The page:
Daily Business Live

JD Sports rises after US swoop; Springfield upbeat


4.30pm: JD Sports a highlight as London falls

JD sports

JD Sports Fashion made a big statement about its US ambitions after it bought US-based Shoe Palace for $325m. The deal sent its shares 2.69% higher on a day when the market was subdued.

JD entered the US market in 2018 with the acquisition of Finish Line and said the latest deal would increase its appeal among Hispanic and Latino consumers, who form a significant proportion of Shoe Palace’s customer base.

Peter Cowgill, executive chairman of Britain’s biggest sportswear retailer, commented: “The Shoe Palace team are ambitious, have great energy and pride themselves on their consumer connection and we welcome them to the group.

“We are confident that our combined fascias will provide us with the flexibility and expertise to fulfil our mutual ambition of becoming a prime customer destination for sneakers and lifestyle apparel in the United States.”

The FTSE 100 index closed lower as traders continued to fret about the Brexit talks and London’s tougher virus restrictions. The index ended the session 18.51 points down at 6,513.32.

Sterling was stronger against its major trading pairs, last rising 0.84% on the dollar to $1.3436, and advancing 0.77% against the euro to €1.1055.

Rolls-Royce shares fell after a downgrade to ‘sell’ from Panmure Gordon.

12.15pm: Aviva hires UK CEO

Aviva has appointed Doug Brown as CEO of its UK & Ireland Life Insurance business.

Full story here

11.30am: Barclays fined

Barclays bank has been fined £26m by the Financial Conduct Authority for failures in its treatment of customers who fell into financial difficulties.

Full story here

9am: London edges higher

The FTSE 100 reversed opening losses to trade 14 points higher at 6,546, helped by sterling easing to $1.3315 from US$1.3331 overnight.

The unemployment data (see below) may have been worrying, but the numbers were not as bad as feared, according to Howard Archer, the chief economic advisor to the EY ITEM Club.

8.30am: Decline in SME activity

The latest NatWest (RBS) UK Small Business PMI survey shows a decline in small firms’ business activity for the second month running in November, as overall demand conditions remained weak.

However, news of a vaccine boosted small business confidence to a ten-month high.

7.45am: Lord Sugar’s brother dies

Lord Sugar’s brother has died of coronavirus, the the Amstrad-founder has announced.

The Amstrad founder, best known as host of the TV show The Apprentice, tweeted: “Today I lost my long suffering brother Derek another victim of Covid which added to his underlying health issues.”


7.30am: LV= agrees takeover of assets

LV= has agreed that Bain Capital, a global private investment firm, will pay £530m to acquire its savings & retirement and protection businesses, prompting a cash payout to members.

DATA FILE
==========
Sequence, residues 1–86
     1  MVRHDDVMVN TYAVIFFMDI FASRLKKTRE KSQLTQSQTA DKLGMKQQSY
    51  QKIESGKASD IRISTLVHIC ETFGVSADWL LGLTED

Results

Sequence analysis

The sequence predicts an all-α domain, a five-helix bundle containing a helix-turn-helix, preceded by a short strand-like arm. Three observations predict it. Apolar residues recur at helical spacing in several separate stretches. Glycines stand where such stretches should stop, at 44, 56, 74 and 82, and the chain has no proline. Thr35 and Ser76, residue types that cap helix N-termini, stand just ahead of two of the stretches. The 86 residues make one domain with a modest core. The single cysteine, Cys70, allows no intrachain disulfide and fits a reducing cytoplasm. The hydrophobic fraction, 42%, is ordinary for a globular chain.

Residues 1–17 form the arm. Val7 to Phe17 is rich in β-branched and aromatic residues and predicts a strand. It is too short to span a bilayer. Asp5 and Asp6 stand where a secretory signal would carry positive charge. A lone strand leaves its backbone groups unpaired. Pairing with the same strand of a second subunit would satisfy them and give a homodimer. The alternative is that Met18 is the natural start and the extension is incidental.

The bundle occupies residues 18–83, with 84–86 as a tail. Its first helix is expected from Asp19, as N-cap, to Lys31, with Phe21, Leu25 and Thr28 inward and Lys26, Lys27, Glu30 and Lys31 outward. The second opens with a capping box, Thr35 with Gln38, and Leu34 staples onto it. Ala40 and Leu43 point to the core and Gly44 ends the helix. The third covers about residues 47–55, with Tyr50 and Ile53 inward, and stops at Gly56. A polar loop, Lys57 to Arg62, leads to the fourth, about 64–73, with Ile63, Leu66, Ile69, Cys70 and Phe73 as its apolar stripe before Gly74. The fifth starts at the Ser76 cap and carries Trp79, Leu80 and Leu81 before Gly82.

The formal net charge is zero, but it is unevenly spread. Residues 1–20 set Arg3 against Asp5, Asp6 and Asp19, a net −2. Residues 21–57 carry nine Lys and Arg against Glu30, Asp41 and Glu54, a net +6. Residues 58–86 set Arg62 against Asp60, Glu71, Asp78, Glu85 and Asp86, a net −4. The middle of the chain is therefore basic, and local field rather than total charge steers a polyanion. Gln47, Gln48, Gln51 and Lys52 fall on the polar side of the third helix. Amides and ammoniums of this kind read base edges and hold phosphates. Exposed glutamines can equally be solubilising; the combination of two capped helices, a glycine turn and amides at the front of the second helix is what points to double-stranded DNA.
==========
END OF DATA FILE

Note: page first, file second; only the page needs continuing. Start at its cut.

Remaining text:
Full story here

Scottish unemployment falls

For the period August to October, Scotland’s employment rate estimate has risen to 74.8% and the unemployment rate estimate has fallen over the quarter to 4.2%, the biggest fall of any UK region or nation.

Scotland’s economy may take three years to return to pre-pandemic levels, according to the Fraser of Allander Institute.

Full story here

Innes Smith

7am: Springfield rebounds

Build and sales activity at Springfield Properties rebounded strongly following the resumption of operations, post lockdown, from late June, with the group delivering against a substantial backlog and experiencing high levels of demand.

As a result, it expects total revenue for the first half of 2020/21 to be about 17% higher than in H1 2019/20, in line with market expectations.

The group also expects to report a material reduction in net debt to about £33.6m at 30 November 2020 from £68.8m at 31 May 2020.

Elgin-based Springfield will announce interim results in February.

Innes Smith, CEO (pictured), said: “This has been a strong six months for Springfield. We were able to safely and efficiently resume construction to complete the homes that had been scheduled for handover at the end of the previous financial year.

“With a strong order book for our private and affordable housing, with substantial visibility, we look forward to delivering significant growth for the full year in line with market expectations.”

Oil price falls

Oil prices fell as tighter lockdowns across Europe threatened to squeeze demand and slow the recovery.

US West Texas Intermediate crude futures fell 36 cents, or 0.8%, to $46.63 a barrel at 0506 GMT, while Brent crude futures fell 40 cents, or 0.8%, to $49.89 a barrel, erasing Monday’s gains.


The FTSE 100 is set to extend its losses into a third day as news of a new strain of the coronavirus emerging in the country offsets fresh optimism about a Brexit deal.

London’s blue chip index was being called 24 points lower ahead of today’s open, after closing almost 15 points or 0.2% lower at 6,531.83 the day before, although the mid-cap FTSE 250 finished 0.7% higher.

On Wall Street the Dow Jones Industrial Average and S&P 500 both fell, 0.62% and 0.44% respectively, although the Nasdaq rose 0,5% because tech firms benefit from people being forced to stay at home.

Asia fared no better, with Tokyo, Hong Kong, Shanghai, Sydney, Seoul and Singapore leading losses across the region, even though China’s economy continued to improve last month, with industrial production and retail sales figures rising 7% and 5% YoY respectively, in line with expectations. 

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